My makeup stash might be a tad bigger than other people’s, but even I, Miss Never-Hit-Pan, have some makeup staples that I buy again and again. Unsung heros, the ones that might not look special or seem must-haves, but are – they’re the little helpers that help make me look good – in short, my holy grail makeup products.


Let’s start with an absolute staple: Urban Decay’s original Primer Potion. No eye makeup without it for me. I’ve tried Too Faced, ArtDeco, various MAC eye bases and primers – but I always come back to UDPP. I even had it in their old, inconvenient genie bottle packaging that you had to saw open to get the last dregs out of it. Thankfully, it’s now a very convenient squeezy tube, with its siliconey pinkish beige primer working still the same like when I first started to buy it around 2002. Use a miniscule amount, spread it over your lid with a finger (it’s undetectable on the lids), and apply your eye shadow over it. No matter if liquid, cream or powder, the base makes your shadow hold up for the next 12h. (Not in very hot and humid weather, truth to be told – then it’s more than 8h for my oily hooded lids). A tube lasts me for absolute ages too – my grubby one has very likely enough product for the next few months in it! It’s around 20€/ 16£/ 20$.



I first heard about the Clinique Airbrush Concealer from Lisa Eldridge back in the day. I was intrigued, in need of a new concealer anyway, so shopping I went. It’s available in six measly shades (booh, Clinique!) and I use 04 neutral fair. It does a good job of covering my dark circles and brightening my undereye area. It promises a reducing of fine lines, and how a concealer is supposed to do that is beyond me (or are you using putty?!).

Clinique Airbrush concealer review
Clinique’s Airbrush Concealer in Neutral Fair (04).


What it does, instead:

While it initially settles a bit into my fine lines, I smooth over that area again with my trusty Sephora x Hakuhodo concealer brush, and presto – no more settling. I then go over it with a setting powder and can be sure that nothing moves to where it shouldn’t be. I never use the brush, but squeeze out a tiny amount and build that up with aforementioned concealer brush. It goes with my various eye creams and never pills or does other unsavoury stuff. While coverage isn’t heavy, I like it exactly for that: A quite natural effect. Prices: 24€/ 20,50$ (in the US there’re even 11 shades!)/ 19£.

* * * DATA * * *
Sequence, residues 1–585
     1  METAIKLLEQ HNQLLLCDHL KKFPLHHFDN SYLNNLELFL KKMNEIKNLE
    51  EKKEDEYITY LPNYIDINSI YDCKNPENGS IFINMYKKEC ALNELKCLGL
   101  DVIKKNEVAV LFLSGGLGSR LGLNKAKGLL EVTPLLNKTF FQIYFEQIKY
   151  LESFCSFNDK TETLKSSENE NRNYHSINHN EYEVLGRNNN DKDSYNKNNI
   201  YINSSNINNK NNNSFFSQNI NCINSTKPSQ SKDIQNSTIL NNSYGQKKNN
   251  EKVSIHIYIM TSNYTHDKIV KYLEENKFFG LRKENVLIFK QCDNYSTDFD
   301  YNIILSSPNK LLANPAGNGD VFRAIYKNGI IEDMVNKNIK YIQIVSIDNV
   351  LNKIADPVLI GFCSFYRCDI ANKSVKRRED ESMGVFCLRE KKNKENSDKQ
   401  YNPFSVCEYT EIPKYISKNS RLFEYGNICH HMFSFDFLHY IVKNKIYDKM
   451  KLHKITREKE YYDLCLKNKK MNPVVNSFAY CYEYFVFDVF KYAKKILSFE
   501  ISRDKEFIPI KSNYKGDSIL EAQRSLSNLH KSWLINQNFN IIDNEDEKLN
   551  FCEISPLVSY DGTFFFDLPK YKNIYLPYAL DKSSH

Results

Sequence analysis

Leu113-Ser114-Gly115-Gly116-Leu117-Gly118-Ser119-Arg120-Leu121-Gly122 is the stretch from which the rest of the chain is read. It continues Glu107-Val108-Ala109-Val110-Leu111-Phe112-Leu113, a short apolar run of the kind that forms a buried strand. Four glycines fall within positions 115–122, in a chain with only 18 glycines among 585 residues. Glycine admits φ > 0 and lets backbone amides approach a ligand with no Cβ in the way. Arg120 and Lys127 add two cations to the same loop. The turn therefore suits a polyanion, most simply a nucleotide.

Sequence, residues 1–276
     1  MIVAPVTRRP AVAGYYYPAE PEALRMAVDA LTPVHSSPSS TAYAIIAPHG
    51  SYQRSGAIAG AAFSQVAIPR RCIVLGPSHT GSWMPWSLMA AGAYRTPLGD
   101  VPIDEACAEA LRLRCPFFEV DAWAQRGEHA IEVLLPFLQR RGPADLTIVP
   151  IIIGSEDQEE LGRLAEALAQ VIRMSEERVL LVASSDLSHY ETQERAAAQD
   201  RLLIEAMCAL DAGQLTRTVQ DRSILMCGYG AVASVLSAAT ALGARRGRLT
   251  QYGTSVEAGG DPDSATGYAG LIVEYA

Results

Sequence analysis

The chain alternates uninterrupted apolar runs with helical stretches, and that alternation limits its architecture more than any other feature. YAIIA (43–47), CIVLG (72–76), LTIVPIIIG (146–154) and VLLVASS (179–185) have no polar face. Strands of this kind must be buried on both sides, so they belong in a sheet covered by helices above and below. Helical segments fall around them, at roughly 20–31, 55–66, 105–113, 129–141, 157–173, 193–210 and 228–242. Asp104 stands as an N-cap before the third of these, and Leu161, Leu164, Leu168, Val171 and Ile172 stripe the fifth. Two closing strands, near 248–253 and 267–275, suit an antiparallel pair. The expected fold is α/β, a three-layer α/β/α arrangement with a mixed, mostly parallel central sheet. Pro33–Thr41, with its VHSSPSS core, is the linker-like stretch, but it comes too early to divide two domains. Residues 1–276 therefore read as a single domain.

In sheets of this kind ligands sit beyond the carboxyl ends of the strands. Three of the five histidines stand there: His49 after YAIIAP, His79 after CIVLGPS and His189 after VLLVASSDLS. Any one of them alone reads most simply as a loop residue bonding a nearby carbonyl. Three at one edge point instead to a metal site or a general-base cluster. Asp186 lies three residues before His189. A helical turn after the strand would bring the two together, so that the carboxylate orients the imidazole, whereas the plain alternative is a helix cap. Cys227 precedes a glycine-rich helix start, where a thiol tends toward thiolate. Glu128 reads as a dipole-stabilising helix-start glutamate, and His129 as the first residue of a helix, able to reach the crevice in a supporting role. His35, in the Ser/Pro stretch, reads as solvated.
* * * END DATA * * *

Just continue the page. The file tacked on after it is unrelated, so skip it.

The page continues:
You’ve to give it to Bourjois, they got their PR game down pat. When the Bourjois 123 Perfect CC Cream was released, I first heard about it from then-great and shortly afterwards on Lisa Eldridge’s blog (again!). On both sites it was highly recommended, and my interest was peaked. Never mind the claims (24h hydration?!??!?!) and the measly SPF15 or the CC label – I wanted it. Badly. And given the first chance I tried the lightest shade, deemed it fitting, and started testing. CC creams are supposed to colour correct your skintone, and are also supposed to have a light coverage. Bourjois claims that the 123 Perfect CC Cream colour corrects with apricot, green and white pigments. I don’t care, because as a foundation this is perfect. It’s astonishingly pigmented and you’ll easily reach medium coverage with it.